Friday, February 26, 2010

Workplace Morale Emergency

If I heard that some employees in a U.S. government office had expressed concern "that violence in the workplace could result because of the high levels of workplace animosity and tension," I would be surprised, but not disbelieving. There are some toxic workplaces, I know. But is one of them the State Department's Bureau of Public Affairs? Surely it's not that bad (?).

Here's today's WaPo story about a leaked 63-page report on morale problems (more like a morale emergency, from the sound of it) in the Bureau of Public affairs:

An internal State Department report says the agency's work in publicizing administration foreign policy and its relations with the media have been hurt by poor communication, lack of staffing and uneven leadership in the Bureau of Public Affairs.
A review by the department's inspector general found that some employees had been instructed not to return phone calls to reporters asking sensitive questions and that the environment in one office was so tense and hostile that several workers fear violence.

The report, which was completed last week, was obtained on Thursday by The Associated Press.

The 63-page document also found that the duties of some career employees in the press office had been transferred to political appointees, which contributed to low morale. The report was compiled last fall, months after Hillary Rodham Clinton took the helm at the State Department.

"It's a tough report," said P.J. Crowley, the assistant secretary of state for public affairs who runs the bureau. "What the report shows is that the bureau has many strengths, but it clearly has some organizational weaknesses that we are aggressively trying to correct."

He said corrective action had already been taken on about a third of the problems identified in the report.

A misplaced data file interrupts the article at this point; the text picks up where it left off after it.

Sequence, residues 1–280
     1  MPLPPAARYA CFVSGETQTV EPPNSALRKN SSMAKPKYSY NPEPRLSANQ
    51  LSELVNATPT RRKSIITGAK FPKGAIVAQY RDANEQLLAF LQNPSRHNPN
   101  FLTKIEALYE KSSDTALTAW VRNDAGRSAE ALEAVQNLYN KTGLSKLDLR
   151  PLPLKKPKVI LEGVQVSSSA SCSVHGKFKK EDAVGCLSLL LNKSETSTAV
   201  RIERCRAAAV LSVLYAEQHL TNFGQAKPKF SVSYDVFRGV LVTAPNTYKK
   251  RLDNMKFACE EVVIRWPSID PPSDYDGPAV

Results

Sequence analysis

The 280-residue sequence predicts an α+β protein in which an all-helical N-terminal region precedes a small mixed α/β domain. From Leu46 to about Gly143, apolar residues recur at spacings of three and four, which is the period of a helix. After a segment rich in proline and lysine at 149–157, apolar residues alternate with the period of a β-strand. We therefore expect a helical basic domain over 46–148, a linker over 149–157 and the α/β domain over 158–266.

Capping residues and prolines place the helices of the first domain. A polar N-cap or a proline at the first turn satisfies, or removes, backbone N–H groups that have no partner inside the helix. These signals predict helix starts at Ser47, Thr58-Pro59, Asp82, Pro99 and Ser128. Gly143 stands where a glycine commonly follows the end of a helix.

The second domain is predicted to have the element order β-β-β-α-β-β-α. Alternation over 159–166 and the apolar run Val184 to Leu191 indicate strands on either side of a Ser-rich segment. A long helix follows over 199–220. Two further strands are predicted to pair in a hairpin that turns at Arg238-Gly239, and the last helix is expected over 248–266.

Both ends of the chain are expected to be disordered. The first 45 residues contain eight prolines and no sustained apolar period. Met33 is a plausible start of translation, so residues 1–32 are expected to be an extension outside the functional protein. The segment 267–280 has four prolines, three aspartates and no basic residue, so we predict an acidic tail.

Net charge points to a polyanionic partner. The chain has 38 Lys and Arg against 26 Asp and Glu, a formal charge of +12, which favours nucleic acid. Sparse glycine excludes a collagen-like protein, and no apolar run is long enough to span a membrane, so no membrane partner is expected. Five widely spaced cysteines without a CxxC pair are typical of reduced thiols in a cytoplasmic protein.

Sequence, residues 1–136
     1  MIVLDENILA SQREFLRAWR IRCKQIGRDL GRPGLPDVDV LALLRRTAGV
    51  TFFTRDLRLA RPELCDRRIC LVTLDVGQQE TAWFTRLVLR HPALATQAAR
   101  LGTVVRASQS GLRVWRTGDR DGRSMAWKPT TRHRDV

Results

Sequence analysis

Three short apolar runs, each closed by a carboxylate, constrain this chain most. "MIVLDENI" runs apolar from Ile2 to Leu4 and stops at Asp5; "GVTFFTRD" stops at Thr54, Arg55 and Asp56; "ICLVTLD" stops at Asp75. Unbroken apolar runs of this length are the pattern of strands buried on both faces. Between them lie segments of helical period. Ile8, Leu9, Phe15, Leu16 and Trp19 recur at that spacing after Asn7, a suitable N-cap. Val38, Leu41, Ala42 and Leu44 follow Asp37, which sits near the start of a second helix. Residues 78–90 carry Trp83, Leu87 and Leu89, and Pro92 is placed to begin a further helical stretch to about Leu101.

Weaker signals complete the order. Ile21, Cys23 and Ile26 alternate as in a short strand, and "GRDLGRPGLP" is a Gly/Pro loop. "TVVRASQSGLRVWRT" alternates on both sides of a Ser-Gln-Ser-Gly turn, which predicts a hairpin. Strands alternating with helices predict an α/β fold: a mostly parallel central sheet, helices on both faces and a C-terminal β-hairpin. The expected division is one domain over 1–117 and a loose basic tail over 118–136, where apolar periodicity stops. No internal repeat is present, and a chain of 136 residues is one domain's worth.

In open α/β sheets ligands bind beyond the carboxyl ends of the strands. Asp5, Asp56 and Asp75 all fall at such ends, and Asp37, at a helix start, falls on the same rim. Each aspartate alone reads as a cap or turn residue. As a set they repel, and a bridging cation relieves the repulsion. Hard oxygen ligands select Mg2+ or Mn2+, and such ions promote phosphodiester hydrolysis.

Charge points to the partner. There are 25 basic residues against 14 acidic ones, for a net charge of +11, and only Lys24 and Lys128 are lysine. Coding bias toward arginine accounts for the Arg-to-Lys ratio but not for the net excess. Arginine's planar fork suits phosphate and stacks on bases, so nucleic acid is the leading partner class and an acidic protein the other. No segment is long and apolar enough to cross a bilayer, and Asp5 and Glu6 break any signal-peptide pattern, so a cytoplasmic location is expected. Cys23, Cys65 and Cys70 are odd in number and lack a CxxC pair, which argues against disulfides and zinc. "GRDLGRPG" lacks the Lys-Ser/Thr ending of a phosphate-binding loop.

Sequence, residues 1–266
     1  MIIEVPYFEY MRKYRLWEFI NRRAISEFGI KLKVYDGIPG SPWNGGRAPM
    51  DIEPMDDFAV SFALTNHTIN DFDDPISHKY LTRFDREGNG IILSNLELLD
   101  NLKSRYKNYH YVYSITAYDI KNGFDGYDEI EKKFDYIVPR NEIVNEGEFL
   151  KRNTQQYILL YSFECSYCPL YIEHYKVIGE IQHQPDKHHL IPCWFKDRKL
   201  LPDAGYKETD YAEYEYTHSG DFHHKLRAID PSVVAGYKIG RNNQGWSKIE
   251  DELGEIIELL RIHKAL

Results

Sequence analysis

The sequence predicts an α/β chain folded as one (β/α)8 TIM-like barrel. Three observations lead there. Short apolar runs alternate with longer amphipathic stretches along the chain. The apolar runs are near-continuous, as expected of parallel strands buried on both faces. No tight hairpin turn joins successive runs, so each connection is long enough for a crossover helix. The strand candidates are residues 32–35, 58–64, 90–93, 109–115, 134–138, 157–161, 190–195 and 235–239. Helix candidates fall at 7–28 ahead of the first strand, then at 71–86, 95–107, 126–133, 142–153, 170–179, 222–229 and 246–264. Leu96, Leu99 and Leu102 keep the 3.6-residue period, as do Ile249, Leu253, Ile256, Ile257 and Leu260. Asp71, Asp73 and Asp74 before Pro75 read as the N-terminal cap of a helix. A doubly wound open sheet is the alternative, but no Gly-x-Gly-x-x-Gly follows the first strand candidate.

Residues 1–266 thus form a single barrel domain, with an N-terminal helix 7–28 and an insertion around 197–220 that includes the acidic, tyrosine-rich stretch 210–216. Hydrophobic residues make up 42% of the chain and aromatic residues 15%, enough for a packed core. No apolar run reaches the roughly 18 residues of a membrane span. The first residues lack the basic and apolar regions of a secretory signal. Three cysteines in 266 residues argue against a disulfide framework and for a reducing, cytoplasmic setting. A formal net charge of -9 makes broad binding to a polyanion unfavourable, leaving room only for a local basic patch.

The inspector general conducts periodic reviews of each department bureau. The work of the Bureau of Public Affairs is deemed critical to the administration's ability to communicate its foreign policy to the American taxpayer and foreign governments and their publics.

The review praised the skill and professionalism of the spokesmen - both career diplomats and political appointees - who brief reporters daily from the podium at the department's headquarters. It also lauded the bureau's attention to new media and its use of social networking platforms to get out the Obama administration's message.

But it said the operation needed better direction and that a senior front office position empty for more than a year should be filled immediately as its vacancy "contributes significantly to weak bureau management and low morale.
At lower levels, the report said the Office of Press Relations, which in previous administrations has been a primary channel for answering inquiries from the media, had lost much of its role because Clinton's team believed it was not effective.

"Thanks to a perfect storm of administration transition, weak leadership, miscues, misunderstanding, personality conflicts and poor communication, PRS has been marginalized," it said, referring to the press office by its acronym.

The report said the office also may have lost credibility because it had been instructed not to respond to certain questions from reporters.

"Under direction from the front office, PRS does not return some reporters' calls, for inquiries that are deemed sensitive," it said.

Crowley denied there was a policy to ignore certain reporters' phone calls but said in some cases inquiries would be passed along to the front office, adding that calls are returned.

The report's most damaging findings involve the Office of Broadcast Services, which produces and distributes audio and video content to worldwide media outlets. That office, it said, is beset by severe morale problems and hostility between employees and managers.

It said several employees expressed concern "that violence in the workplace could result because of the high levels of workplace animosity and tension." The report called for the current director of the office to be replaced.

Crowley acknowledged "a serious morale issue" in the office and said it was being addressed.

I'll have to see the report for myself before coming to any conclusions.

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